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Namibia Votes


A man dips his finger in the ink as Namibians queue to cast their votes, in the country's elections near Rundu, Namibia, Friday, Nov. 28, 2014.

The citizens of Namibia voted November 28 in Africa’s first electronic election, an example for other nations for commitment to the democratic process.

The citizens of Namibia voted November 28 in Africa’s first electronic election, an example for other nations for commitment to the democratic process.

Nine candidates campaigned to succeed President Hifikepunye Pohamba, who is stepping down after serving the maximum two terms set in the southern African nation’s constitution. It was Namibia's fourth elections since independence in 1990, and though the new voting procedures produced problems at some polling stations with the newly introduced electronic voting machines and handheld scanners to verify voter cards and fingerprints of voters, a regional observer group said the elections were free and fair.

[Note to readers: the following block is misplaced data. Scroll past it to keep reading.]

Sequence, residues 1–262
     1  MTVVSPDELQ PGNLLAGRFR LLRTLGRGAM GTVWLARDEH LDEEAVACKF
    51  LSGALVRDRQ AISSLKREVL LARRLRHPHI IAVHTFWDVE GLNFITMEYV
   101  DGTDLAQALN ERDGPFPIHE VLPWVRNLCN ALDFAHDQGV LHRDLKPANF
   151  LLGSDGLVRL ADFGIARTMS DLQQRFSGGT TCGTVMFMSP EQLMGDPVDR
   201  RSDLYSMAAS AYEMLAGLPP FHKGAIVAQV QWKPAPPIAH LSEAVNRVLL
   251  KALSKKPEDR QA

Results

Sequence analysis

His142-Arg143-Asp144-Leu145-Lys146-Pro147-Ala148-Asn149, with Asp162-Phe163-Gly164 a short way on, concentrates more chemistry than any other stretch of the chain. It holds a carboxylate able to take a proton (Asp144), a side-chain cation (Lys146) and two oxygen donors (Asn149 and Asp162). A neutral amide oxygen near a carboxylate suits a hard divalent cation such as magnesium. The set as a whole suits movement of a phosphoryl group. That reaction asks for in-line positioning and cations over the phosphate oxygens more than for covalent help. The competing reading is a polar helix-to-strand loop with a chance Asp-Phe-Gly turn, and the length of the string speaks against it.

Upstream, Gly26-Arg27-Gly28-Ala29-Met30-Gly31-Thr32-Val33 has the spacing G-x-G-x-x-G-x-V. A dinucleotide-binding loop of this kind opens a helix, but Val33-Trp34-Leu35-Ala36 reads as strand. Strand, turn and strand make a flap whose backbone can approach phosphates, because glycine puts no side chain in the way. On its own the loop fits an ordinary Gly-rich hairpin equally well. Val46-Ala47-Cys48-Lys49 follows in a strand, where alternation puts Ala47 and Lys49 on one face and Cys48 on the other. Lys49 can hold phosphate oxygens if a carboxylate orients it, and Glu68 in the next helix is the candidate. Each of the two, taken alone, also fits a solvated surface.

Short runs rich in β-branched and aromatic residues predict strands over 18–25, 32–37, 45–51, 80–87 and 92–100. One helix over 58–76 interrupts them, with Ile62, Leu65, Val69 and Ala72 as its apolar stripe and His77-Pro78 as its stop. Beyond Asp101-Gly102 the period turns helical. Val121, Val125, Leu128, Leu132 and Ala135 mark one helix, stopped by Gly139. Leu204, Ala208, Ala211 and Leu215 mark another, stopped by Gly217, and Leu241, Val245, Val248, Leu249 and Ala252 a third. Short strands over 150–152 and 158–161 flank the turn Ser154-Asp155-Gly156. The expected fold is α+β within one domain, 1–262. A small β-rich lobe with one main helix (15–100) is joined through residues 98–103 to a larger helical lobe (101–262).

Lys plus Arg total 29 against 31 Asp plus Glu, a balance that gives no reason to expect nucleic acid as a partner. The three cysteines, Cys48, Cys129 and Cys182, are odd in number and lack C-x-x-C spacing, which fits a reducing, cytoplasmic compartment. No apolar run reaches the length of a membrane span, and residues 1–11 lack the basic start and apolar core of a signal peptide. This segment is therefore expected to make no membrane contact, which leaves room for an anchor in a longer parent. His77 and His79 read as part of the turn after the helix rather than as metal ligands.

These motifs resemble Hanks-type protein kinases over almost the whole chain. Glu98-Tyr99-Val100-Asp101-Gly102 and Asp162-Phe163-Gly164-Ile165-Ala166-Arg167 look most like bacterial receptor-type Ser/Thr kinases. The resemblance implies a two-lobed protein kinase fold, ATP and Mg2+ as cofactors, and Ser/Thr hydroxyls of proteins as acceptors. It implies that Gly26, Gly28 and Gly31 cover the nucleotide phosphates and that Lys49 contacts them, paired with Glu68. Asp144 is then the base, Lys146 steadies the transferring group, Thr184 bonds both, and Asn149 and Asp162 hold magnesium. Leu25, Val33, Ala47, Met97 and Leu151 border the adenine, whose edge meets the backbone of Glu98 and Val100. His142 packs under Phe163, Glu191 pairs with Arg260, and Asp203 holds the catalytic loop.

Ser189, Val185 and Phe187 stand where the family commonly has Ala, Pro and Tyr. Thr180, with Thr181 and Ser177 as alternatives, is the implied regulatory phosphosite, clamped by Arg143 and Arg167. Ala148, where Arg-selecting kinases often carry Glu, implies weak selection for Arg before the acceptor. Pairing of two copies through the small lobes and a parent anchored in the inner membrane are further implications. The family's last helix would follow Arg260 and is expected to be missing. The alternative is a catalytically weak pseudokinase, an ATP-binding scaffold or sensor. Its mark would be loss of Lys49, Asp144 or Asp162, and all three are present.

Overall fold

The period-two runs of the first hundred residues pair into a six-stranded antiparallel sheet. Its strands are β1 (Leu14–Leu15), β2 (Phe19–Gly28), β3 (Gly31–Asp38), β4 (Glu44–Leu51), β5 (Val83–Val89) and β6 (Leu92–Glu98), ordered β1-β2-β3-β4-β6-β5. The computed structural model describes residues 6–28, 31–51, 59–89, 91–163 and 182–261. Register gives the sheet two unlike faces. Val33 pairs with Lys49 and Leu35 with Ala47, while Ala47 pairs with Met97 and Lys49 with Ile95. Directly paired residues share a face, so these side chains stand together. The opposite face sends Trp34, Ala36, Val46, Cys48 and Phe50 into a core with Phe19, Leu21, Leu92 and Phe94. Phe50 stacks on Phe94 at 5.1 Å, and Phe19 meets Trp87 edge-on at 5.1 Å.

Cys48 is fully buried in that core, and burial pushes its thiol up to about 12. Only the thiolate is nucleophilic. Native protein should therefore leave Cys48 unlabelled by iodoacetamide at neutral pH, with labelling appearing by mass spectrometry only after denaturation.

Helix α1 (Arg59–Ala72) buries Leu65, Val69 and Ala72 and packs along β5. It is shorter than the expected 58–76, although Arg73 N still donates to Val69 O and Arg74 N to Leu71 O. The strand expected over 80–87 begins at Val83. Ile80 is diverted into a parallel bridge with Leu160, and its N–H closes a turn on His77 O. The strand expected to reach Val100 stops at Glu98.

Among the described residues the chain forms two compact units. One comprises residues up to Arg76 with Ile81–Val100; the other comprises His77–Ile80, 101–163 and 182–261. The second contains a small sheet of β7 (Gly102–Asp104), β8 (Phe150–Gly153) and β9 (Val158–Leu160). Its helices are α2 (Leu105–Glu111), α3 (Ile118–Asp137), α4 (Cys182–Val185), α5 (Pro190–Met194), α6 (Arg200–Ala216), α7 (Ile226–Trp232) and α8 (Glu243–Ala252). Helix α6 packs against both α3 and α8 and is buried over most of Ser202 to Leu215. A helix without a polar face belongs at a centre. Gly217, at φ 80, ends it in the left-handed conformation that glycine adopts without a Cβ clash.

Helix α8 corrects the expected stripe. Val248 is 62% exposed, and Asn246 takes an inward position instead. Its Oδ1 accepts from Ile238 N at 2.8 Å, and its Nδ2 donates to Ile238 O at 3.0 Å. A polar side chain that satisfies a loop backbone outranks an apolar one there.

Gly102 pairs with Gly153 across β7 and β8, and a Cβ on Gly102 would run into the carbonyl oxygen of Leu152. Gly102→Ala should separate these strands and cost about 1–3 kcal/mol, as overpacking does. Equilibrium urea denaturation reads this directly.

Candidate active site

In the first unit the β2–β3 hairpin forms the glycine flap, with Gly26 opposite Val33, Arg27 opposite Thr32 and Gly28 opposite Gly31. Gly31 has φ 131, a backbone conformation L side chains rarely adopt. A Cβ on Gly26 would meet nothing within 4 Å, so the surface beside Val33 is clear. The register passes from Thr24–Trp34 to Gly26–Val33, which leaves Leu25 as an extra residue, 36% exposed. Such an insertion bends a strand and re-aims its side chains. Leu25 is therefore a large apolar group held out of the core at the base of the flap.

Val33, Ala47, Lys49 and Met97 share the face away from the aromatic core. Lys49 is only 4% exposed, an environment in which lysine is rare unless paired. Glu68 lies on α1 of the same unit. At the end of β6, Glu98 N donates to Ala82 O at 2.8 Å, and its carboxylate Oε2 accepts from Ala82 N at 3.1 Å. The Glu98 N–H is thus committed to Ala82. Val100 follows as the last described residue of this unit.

The head of the Namibian Electoral Commission said that by moving into the electronic voting age, his country will produce faster election results and save money doing so. Instead of spending 20 million Namibian dollars to print paper ballots for distribution around the country, the commission spent just 2 million Namibian dollars for printed materials.

The United States congratulates the people of Namibia for exercising their democratic right to vote on November 28. The nation has once again demonstrated its commitment to an open electoral process and respect for presidential term limits. We applaud the active participation of the country’s political parties, civil society and citizens in shaping an inclusive discussion throughout the campaign. The extraordinary participation among first-time voters and women candidates reflects the progress that Namibia has made and the commitment of the Namibian people to a democratic future.

The United States and Namibia share a strong partnership. We work together to strengthen health care systems, counter threats to Namibia’s unique ecosystems, promote peace and security in the region, and protect human rights for all of Namibia’s citizens, particularly the most vulnerable in society.

The United States looks forward to continuing our partnership with the new Namibian Government and the people of Namibia in support of Namibia’s development and the welfare of its people.

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